Set Your Goals

When a new client comes to our office for the first time, we typically start by asking “How can we help?” Starting a relationship with a financial planner is almost always precipitated by something happening in the client’s life—they want to retire soon, they just received an inheritance, they just learned they are seriously ill, they are dealing with the complexities of life with kids, parents, a house, jobs.

We work with people of all ages and in all stages of life. Most of the time there are multiple goals and part of our job is to help clients prioritize how they want to tackle them. Let’s take a moment to look at some typical goals by age to get you thinking about your own situation.

Planning in your 20s

Getting off to a good start in life is essential. Developing good money habits can create a lifetime of financial joy. Do you see anything in this list that you want to know more about?

  • How much should you contribute to your company retirement plan?
  • How much should you be saving outside of the company retirement plan?
  • How to build up an emergency reserve savings so that you have a safety net for unexpected expenses?
  • What’s the best way to start investing?
  • What to consider when getting married? Having a family?
  • Should you rent or buy a home?
  • When should you consider saving for your child’s education? Will grandparents want to help?
  • How should you set up your filing system?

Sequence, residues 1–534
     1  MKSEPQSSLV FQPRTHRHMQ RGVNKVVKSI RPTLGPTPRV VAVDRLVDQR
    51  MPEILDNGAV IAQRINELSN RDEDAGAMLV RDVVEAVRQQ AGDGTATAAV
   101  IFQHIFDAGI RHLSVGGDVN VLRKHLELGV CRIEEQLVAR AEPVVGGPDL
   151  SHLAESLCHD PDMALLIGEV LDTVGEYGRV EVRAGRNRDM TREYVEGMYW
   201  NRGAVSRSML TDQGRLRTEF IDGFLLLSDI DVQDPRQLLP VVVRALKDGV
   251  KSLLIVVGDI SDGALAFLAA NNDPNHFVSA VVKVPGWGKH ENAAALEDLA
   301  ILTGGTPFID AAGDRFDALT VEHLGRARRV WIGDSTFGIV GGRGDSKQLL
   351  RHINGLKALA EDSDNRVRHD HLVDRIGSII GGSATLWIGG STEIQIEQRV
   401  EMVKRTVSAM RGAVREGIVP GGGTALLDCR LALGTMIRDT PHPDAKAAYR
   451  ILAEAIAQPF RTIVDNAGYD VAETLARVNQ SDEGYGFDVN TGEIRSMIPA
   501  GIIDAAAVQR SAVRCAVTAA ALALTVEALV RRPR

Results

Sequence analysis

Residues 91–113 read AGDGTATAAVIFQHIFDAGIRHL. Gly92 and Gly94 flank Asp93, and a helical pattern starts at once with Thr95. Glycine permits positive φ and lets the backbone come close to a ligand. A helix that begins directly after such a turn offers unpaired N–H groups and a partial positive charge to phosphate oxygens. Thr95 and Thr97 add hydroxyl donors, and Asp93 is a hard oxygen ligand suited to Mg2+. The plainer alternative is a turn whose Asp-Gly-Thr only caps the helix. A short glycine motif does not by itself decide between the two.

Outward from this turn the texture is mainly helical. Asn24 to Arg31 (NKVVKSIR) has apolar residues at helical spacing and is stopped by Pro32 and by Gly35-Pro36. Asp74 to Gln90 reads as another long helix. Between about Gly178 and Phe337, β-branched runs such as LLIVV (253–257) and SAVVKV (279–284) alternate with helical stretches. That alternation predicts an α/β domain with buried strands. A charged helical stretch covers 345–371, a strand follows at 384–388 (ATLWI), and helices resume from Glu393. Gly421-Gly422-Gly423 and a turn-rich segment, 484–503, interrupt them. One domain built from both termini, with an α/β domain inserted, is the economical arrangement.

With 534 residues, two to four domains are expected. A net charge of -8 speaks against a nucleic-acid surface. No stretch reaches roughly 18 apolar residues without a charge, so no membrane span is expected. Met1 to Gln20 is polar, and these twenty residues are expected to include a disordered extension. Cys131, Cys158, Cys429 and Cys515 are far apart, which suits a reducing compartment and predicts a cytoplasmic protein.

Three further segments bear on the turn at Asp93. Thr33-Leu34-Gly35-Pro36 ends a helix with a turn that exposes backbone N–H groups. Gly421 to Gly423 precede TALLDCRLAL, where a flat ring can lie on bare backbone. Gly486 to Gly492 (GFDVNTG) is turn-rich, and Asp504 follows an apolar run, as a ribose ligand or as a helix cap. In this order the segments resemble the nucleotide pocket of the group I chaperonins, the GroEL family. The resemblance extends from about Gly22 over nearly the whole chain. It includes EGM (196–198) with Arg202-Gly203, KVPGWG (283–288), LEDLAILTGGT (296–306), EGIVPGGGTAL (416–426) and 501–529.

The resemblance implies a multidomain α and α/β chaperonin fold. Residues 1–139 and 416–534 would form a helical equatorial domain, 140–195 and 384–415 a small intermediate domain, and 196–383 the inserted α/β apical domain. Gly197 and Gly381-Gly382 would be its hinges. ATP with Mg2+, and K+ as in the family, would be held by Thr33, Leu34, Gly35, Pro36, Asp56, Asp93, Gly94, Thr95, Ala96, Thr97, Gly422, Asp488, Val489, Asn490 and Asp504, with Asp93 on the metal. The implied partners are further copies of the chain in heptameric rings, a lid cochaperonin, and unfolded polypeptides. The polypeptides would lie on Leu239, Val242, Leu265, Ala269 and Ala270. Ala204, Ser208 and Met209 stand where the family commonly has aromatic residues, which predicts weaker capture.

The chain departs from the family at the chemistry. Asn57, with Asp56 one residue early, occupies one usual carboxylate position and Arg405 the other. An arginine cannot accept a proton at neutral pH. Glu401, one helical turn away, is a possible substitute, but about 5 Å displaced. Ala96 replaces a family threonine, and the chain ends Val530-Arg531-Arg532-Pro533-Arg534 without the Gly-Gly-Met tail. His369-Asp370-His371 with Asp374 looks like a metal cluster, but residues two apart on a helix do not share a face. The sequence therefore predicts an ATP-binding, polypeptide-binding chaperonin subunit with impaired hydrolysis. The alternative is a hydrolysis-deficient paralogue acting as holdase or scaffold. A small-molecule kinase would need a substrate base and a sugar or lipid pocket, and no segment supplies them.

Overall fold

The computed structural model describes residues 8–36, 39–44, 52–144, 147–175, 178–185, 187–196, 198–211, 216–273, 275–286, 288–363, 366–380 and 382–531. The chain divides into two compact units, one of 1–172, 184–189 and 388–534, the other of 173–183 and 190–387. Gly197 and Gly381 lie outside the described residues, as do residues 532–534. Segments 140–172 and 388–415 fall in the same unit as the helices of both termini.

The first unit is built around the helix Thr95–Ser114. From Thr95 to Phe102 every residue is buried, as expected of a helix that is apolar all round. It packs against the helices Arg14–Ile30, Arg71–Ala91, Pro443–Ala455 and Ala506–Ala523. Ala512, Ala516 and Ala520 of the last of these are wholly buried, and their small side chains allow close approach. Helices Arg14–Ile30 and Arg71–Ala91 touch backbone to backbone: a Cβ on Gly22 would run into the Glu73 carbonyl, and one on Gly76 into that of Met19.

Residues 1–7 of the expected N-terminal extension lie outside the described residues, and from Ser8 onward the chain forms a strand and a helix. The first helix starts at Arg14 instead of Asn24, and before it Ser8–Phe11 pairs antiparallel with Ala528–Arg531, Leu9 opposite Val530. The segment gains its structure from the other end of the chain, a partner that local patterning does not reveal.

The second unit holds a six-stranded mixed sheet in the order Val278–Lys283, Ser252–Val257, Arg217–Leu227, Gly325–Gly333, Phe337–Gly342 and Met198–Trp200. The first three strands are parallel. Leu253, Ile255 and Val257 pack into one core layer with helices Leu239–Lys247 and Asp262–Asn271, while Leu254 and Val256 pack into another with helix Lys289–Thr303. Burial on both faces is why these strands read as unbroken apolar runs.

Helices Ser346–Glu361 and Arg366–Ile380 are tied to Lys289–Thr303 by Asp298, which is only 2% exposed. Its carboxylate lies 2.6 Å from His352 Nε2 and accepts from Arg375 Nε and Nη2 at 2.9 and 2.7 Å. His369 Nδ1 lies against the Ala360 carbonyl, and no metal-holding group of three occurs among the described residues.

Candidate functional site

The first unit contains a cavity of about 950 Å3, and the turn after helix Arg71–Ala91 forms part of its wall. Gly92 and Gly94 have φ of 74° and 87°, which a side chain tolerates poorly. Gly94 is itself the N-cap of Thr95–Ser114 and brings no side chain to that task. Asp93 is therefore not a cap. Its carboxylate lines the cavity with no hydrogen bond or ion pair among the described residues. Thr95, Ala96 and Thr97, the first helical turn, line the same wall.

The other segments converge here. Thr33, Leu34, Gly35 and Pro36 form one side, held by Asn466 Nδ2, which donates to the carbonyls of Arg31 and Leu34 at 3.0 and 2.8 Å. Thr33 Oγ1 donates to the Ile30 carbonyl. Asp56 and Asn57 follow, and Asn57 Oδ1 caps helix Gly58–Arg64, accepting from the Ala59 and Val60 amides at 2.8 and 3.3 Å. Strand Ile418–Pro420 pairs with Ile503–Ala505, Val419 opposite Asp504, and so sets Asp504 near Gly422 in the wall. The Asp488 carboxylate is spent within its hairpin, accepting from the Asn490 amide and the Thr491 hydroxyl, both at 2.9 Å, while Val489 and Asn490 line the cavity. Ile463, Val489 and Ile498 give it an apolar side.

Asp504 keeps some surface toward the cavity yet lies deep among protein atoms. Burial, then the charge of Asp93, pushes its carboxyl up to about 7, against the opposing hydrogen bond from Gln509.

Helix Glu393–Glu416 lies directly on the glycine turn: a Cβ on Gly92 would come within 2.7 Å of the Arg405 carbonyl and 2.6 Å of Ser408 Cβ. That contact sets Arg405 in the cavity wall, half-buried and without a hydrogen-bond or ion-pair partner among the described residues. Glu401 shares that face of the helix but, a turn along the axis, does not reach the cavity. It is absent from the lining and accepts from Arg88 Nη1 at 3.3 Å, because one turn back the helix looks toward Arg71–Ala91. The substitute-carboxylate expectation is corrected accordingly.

• How much debt is realistic to take without hurting your lifestyle or financial future?
  • How to prioritize debt? Student loans?
  • If you have kids, do you have a will? Powers of attorney?
  • Have you thought about giving your time or money to an organization you admire?

Planning in your 30s

Now that you have some life experience, you can start to tackle some more complex issues. Do any of these sound familiar?

  • When should you consider making a job change? Is there anything to consider in the timing of a change? Money left on the table?
  • Is your child’s education funding on track? Are there tax savings you should be taking advantage of?
  • How to prioritize education savings, debt repayment, home remodeling, new car, vacation spending, saving for retirement?
  • Are you maximizing your company benefits?
  • Do you have enough insurance outside of work? Are you protecting your family and your assets?
  • How do you make sure the risk you are taking with your investments is appropriate?
  • What do you do if the markets drop significantly?
  • Are there tax deductions you should be taking?
  • Should you start your own business?

Planning in your 40s

You are mid-way through your working career. How are you doing based on your original goals? Do you need to take a fresh look at any of these?

  • Is your portfolio well diversified, consolidated, aligned with your values and risk tolerance, tax sensitive?
  • Have you considered the unrealized capital gains and losses in your taxable accounts? Should you be doing anything to reduce current or future taxes?
  • Do you need to review your estate plan? Have any of the people you named died? Do you need a trust now?
  • Is it too early to run a retirement projection? When is it feasible to consider making a major change?
  • If your kids are going to college, will you be eligible for financial aid? How can you help keep your kids from taking on too much debt for college?
  • Are your parents getting to the point where they might need additional help? Are you in a position to help them?
  • If you are self-employed, should you consider taking on a partner or selling the business?
  • If you get company stock benefits, do you understand how to maximize those benefits?
  • Have you thought about a more structured giving plan? Do you understand the tax implications?